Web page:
Here are the new black copper French Marans pullets on the left and two Rhode Island Red hens on the right sitting in a sand dust pit. The chickens take dust baths which help clean their feathers.
This is another view of the Rhode Island Red hens in the dust pit and if you look closely (click on the picture to enlarge) you will see one hen and lots of dust where the other hen is in the middle of her dust bath.
We picked up seven black copper French Marans from a breeder near Lincoln, NE. They have been here for about a month and are growing so quickly. They are beautiful chickens -- pure black with copper feathers around the head and/or neck. We still have them separated from the full grown hens so they won't be picked on. The chicken pecking order can be brutal and difficult to watch as it is established with new additions to the flock.This week we'll begin the integration process so they can be part of the Dot House before the cold weather sets in. The black coppers lay the darkest of the dark chocolate colored egg shells.
Here is a sampling of the eggs I gather daily. The brown one on the upper left is from the Wyandotte and Rhode Island Red hens; the blue egg on the bottom left is from an Americana or Easter Egger hen; the green egg on the lower right is from a pullet (young, new layer) Easter Egger and the top right dark brown egg is from a young cuckoo French Marans pullet.
As you can see the Marans eggs are getting darker as the pullet gets better at laying. I have only one Marans laying right now. Supposedly the black coppers will lay even darker eggs than the cuckoo Marans breed.
This weekend, we had the delight to host long time friends John and Cheryl from Denver. We had a lovely visit and John got to experience the harvest in a big way when he rode in the combine of friends who were harvesting corn.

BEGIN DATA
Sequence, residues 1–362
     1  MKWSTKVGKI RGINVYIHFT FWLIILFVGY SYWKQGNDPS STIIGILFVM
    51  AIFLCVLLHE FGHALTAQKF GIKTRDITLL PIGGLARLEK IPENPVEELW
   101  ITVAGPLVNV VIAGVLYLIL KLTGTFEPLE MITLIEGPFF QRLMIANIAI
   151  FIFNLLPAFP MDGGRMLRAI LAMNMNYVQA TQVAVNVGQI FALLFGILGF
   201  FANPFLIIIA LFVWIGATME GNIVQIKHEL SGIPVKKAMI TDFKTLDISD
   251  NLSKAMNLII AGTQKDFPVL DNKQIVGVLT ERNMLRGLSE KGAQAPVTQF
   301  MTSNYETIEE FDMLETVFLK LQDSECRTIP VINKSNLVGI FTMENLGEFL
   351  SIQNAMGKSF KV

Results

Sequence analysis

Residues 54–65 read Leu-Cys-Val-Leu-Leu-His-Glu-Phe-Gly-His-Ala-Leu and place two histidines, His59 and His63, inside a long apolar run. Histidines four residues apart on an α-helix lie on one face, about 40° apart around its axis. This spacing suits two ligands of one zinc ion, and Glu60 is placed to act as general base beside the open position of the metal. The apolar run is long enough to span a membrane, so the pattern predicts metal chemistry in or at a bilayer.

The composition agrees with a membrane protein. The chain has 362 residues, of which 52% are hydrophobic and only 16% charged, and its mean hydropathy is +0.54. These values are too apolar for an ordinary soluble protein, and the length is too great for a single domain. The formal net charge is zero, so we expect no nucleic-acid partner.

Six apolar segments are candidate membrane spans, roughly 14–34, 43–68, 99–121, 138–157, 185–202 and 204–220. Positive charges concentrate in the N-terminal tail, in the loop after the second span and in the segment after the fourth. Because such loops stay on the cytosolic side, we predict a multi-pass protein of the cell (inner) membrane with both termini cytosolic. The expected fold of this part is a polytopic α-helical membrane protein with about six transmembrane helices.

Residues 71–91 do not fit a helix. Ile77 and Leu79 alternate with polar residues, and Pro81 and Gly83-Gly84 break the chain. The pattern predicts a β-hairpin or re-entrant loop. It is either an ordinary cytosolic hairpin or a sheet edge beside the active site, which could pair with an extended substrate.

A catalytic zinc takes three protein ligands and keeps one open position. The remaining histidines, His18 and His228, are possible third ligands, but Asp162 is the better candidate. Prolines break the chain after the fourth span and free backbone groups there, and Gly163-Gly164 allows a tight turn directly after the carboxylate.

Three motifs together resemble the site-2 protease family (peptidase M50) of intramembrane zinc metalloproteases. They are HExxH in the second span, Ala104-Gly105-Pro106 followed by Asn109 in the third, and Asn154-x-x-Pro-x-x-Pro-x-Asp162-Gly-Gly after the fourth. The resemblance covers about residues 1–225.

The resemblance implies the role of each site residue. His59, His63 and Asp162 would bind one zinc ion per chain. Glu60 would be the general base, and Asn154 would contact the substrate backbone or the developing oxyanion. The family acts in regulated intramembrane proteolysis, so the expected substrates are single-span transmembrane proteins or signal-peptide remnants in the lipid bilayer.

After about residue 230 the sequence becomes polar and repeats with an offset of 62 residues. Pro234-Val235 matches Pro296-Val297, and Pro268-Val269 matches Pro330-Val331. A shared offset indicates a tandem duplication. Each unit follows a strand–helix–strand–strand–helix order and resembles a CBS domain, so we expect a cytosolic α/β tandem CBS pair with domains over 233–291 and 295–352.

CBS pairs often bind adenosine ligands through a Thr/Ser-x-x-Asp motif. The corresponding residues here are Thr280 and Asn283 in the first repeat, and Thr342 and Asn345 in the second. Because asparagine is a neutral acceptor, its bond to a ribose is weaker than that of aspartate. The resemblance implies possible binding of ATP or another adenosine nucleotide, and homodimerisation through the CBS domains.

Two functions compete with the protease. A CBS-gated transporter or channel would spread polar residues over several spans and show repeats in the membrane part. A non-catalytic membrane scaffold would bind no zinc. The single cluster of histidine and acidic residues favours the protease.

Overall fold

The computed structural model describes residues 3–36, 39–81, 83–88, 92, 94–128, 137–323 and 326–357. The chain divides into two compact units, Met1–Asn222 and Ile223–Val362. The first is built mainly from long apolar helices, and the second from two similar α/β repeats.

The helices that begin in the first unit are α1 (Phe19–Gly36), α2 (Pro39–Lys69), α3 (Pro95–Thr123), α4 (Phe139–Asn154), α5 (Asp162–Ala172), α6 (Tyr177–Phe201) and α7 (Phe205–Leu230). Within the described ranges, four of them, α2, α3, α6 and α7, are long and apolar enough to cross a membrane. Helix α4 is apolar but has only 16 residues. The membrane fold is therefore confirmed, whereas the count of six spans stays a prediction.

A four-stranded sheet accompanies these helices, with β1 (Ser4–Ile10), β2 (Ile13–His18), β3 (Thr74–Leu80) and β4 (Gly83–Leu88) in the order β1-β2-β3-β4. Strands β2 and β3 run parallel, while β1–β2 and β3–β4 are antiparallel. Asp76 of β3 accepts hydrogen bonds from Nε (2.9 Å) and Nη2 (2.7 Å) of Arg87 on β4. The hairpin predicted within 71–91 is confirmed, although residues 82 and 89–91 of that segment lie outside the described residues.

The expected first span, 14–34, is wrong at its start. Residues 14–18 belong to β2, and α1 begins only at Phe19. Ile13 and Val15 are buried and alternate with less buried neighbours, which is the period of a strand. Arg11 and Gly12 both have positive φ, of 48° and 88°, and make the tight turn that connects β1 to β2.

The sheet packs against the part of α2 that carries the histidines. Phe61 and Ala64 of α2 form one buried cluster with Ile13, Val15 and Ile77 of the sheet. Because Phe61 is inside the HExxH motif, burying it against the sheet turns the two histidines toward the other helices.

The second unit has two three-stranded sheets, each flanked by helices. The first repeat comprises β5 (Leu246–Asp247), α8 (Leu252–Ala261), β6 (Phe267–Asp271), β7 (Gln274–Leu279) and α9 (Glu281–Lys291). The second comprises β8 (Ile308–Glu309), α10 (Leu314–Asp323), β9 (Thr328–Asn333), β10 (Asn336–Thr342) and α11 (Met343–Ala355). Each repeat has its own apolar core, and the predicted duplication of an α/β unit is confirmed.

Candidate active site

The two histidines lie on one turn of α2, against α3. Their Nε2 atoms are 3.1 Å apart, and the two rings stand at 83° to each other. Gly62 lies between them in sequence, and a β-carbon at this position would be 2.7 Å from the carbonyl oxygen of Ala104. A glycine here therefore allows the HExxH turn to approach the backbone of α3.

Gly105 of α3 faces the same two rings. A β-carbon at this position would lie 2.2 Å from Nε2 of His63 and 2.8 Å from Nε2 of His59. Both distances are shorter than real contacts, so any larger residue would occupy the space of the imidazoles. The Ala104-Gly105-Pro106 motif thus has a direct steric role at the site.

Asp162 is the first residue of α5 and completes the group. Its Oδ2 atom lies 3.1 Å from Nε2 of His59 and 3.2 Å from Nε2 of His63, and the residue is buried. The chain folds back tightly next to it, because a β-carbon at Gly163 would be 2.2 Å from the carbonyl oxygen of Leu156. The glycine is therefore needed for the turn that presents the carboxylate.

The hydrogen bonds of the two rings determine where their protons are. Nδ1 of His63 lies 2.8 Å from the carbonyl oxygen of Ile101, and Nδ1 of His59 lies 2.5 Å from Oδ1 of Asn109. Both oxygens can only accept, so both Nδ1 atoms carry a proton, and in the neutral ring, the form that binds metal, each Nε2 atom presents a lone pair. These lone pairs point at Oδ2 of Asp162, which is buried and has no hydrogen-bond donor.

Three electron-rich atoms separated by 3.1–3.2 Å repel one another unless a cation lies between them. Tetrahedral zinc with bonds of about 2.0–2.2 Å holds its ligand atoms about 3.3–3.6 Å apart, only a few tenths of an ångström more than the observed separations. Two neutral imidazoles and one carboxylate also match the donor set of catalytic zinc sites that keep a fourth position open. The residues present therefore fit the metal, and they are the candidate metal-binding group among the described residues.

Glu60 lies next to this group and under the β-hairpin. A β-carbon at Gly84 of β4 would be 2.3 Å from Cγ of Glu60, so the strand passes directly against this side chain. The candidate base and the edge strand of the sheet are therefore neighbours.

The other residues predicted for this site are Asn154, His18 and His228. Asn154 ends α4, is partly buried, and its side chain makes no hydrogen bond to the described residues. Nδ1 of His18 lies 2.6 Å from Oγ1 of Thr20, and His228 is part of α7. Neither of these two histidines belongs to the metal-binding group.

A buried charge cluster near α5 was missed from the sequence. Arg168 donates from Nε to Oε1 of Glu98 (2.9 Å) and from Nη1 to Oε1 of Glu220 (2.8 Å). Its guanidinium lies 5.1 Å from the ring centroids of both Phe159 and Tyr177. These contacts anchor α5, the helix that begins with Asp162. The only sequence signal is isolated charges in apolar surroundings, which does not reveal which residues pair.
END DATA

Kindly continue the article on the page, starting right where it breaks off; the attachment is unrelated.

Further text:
Cheryl is packing produce and eggs for the ride home. She helped me pick the last of the ripe tomatoes from the vines. We also harvested the last of the potatoes and the peppers. The help was appreciated. I sent jam, Jack Daniels ketchup and tomato sauce along with them. Sharing the fruits of the harvest is something that gives me great joy and is a vital part of gardening for me. Today, I'll be making tomato marmalade and the last tomato sauce. We are expecting our first hard freeze of the season this Thursday, so I'll be picking the last of the green tomatoes today and tomorrow so I can wrap them in newspaper to ripen and some will be pickled.
John spent over an hour with Buddy training him to 'stay' for extended periods of time. I appreciated the training session and worked with Buddy a couple times after they left yesterday. John's concentrated training session helped Buddy understand the stay command so much better. He will now stay for up to about 10 minutes. I worked with him again this morning and he's got it. Thanks John!
Saying goodbye after a fun weekend to our Denver friends, John and Cheryl.
The gardening season is winding down with the produce almost all harvested, and this week I'll be putting the garden to bed for the winter with final cleaning and mulching of all the beds. I have a few bulbs and plants to transplant and about six saplings to put into the ground, then I'll be ready for the snow. It's hard for me to believe that its the end of another gardening season but I'm ready.